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Renewable Energy Stocks Close- Up; The Carbon Footprint of Solar Stocks (June 12th, 2008)

“PV technologies generate far less life-cycle air emissions than conventional fossil-fuel-based electricity generation technologies”



OINT ROBERTS, WA and DELTA, BC—June 12, 2008 -.RenewableEnergyStocks.com, a leading investor news and research portal for the renewable energy sector within Investorideas.com, presents a sector close-up on solar stocks and their environmental impact .

With the controversy faced over Ethanol stocks, investors can gain insight into their green portfolio of solar stocks.

RenewableEnergyStocks.com reports on environmental concerns associated with solar technology and how the industry is responding, featuring Xsunx, Inc (OTCBB: XSNX) and First Solar.

The US Department of Energy reports, “ Modern solar electric power-generation systems such as photovoltaics (or PV) are some of the most elegant and environmentally benign energy systems ever invented.”

Quoting a report published in January 2008,’ Emissions from Photovoltaic Life Cycles’,
“ Photovoltaic (PV) technologies have shown remarkable progress recently in terms of annual production capacity and life cycle environmental performances, which necessitate timely updates of environmental indicators.” The report further states, “Overall, all PV technologies generate far less life-cycle air emissions per GWh than conventional fossil-fuel-based electricity generation technologies. At least 89% of air emissions associated with electricity generation could be prevented if electricity from photovoltaics displaces electricity from the grid.”
Source: http://pubs.acs.org/cgi-bin/abstract.cgi/esthag/2008/42/i06/abs/es071763q.html

Keeping tabs on life-cycle emissions of carbon, chemicals and heavy metals used in products is nothing new, but the trend now appears to be accelerating which may force some “Green” technologies such as solar PV to revisit their environmental impact and overall carbon and environmental footprint.

Tom Djokovich, CEO, of Xsunx, Inc. (OTCBB:XSNX) a solar technology company engaged in the build-out of its multi-megawatt amorphous silicon thin film photovoltaic (TFPV) solar module manufacturing facilities, reports, “There’s a growing interest within the sustainable energy industry in developing green credentials across the entire footprint of your brand. Here at XsunX we’re working to balance our industrial manufacturing needs and product designs to minimize our impact on the environment we’re working to improve."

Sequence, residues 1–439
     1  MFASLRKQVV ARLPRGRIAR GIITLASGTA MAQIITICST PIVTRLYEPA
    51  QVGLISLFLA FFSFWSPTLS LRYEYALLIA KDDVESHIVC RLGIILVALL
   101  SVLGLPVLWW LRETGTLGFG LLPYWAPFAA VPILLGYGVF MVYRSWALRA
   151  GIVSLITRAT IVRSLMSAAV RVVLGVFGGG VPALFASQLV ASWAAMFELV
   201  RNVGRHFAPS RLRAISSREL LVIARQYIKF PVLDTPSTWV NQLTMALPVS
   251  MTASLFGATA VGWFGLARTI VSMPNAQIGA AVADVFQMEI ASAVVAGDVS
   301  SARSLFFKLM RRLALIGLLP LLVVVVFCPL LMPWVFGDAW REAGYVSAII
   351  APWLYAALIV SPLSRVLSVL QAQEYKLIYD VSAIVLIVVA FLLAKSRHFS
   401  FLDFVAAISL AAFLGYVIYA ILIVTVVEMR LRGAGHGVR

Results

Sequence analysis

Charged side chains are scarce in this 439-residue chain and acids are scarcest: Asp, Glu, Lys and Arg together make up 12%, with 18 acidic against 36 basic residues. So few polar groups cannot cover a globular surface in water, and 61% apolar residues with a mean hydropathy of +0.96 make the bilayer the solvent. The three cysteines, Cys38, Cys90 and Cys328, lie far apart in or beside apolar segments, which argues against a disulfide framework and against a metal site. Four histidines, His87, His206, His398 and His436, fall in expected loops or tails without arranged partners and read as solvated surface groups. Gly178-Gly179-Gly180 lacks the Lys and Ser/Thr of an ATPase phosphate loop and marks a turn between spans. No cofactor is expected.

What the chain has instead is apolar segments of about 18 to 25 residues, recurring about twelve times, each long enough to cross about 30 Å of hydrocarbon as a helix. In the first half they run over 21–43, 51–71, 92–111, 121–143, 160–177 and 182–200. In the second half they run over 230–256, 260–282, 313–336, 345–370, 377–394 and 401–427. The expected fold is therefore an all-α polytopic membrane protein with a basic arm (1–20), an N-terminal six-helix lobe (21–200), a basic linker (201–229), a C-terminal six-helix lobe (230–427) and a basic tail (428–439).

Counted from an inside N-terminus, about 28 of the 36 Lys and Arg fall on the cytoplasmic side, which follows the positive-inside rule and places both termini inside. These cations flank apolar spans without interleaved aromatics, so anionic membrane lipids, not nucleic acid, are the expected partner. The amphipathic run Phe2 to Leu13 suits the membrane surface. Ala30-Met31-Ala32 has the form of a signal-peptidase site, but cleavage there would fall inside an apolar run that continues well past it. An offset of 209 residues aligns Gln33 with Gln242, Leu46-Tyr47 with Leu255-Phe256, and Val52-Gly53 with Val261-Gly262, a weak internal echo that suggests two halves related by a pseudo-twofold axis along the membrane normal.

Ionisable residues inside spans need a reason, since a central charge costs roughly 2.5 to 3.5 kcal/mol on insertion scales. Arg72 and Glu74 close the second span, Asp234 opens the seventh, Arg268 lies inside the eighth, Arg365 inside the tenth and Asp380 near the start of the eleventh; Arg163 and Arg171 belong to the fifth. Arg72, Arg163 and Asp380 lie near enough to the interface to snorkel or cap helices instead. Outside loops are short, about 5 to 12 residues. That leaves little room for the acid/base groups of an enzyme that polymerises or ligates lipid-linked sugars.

He continued, “With XsunX, about half of the power our new 25 mega watt solar module manufacturing plant will use comes from renewable energy in the Pacific North West, we are recycling an existing building and numerous pieces of support equipment so as not to waste resources and the design of our thin film amorphous solar module does not transfer any toxic materials into the product or environment unlike the heavy metal concerns addressing some of the other module manufacturers in the industry.”

As evidence of the growth in accessing long term environmental impact between various solar technologies the January 2008,’ Emissions from Photovoltaic Life Cycles’, the report presents a comparative analysis between four PV technologies, “Based on PV production data of 2004–2006, this study presents the life-cycle greenhouse gas emissions, criteria pollutant emissions, and heavy metal emissions from four types of major commercial PV systems: multicrystalline silicon, monocrystalline silicon, ribbon silicon, and thin-film cadmium telluride. Life-cycle emissions were determined by employing average electricity mixtures in Europe and the United States during the materials and module production for each PV system. Among the current vintage of PV technologies, thin-film cadmium telluride (CdTe) PV emits the least amount of harmful air emissions, as it requires the least amount of energy during the module production. However, the differences in the emissions between different PV technologies are very small in comparison to the emissions from conventional energy technologies that PV could displace. ”

Companies that make cadmium-telluride solar cells include Q-Cells and First Solar. According to First Solar’s website, “First Solar's advanced CdTe technology is instrumental in accomplishing our environmental mission. CdTe is uniquely capable of producing low cost solar modules, making widespread, cost-effective solar electricity a reality. Its physical properties are optimal for converting sunlight into electricity, resulting in highly efficient photovoltaics with thin (

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